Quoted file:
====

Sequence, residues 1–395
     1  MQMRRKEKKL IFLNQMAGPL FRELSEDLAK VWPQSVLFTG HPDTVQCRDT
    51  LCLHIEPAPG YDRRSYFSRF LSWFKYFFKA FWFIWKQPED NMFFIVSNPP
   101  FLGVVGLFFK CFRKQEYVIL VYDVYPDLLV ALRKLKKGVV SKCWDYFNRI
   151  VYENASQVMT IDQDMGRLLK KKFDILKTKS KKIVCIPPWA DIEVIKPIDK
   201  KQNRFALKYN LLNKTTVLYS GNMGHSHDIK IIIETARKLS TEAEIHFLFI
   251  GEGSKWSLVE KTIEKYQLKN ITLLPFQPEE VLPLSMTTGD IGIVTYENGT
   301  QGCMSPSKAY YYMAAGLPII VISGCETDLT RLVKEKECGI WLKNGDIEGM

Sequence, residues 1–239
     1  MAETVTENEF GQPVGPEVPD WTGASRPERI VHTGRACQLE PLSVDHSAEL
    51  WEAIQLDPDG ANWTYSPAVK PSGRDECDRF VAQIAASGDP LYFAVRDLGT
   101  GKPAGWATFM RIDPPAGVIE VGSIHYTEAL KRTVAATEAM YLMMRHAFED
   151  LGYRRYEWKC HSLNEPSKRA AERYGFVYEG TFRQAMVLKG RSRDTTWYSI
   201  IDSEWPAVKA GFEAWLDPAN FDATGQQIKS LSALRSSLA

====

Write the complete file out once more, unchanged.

Sequence, residues 1–395
     1  MQMRRKEKKL IFLNQMAGPL FRELSEDLAK VWPQSVLFTG HPDTVQCRDT
    51  LCLHIEPAPG YDRRSYFSRF LSWFKYFFKA FWFIWKQPED NMFFIVSNPP
   101  FLGVVGLFFK CFRKQEYVIL VYDVYPDLLV ALRKLKKGVV SKCWDYFNRI
   151  VYENASQVMT IDQDMGRLLK KKFDILKTKS KKIVCIPPWA DIEVIKPIDK
   201  KQNRFALKYN LLNKTTVLYS GNMGHSHDIK IIIETARKLS TEAEIHFLFI
   251  GEGSKWSLVE KTIEKYQLKN ITLLPFQPEE VLPLSMTTGD IGIVTYENGT
   301  QGCMSPSKAY YYMAAGLPII VISGCETDLT RLVKEKECGI WLKNGDIEGM

Sequence, residues 1–239
     1  MAETVTENEF GQPVGPEVPD WTGASRPERI VHTGRACQLE PLSVDHSAEL
    51  WEAIQLDPDG ANWTYSPAVK PSGRDECDRF VAQIAASGDP LYFAVRDLGT
   101  GKPAGWATFM RIDPPAGVIE VGSIHYTEAL KRTVAATEAM YLMMRHAFED
   151  LGYRRYEWKC HSLNEPSKRA AERYGFVYEG TFRQAMVLKG RSRDTTWYSI
   201  IDSEWPAVKA GFEAWLDPAN FDATGQQIKS LSALRSSLA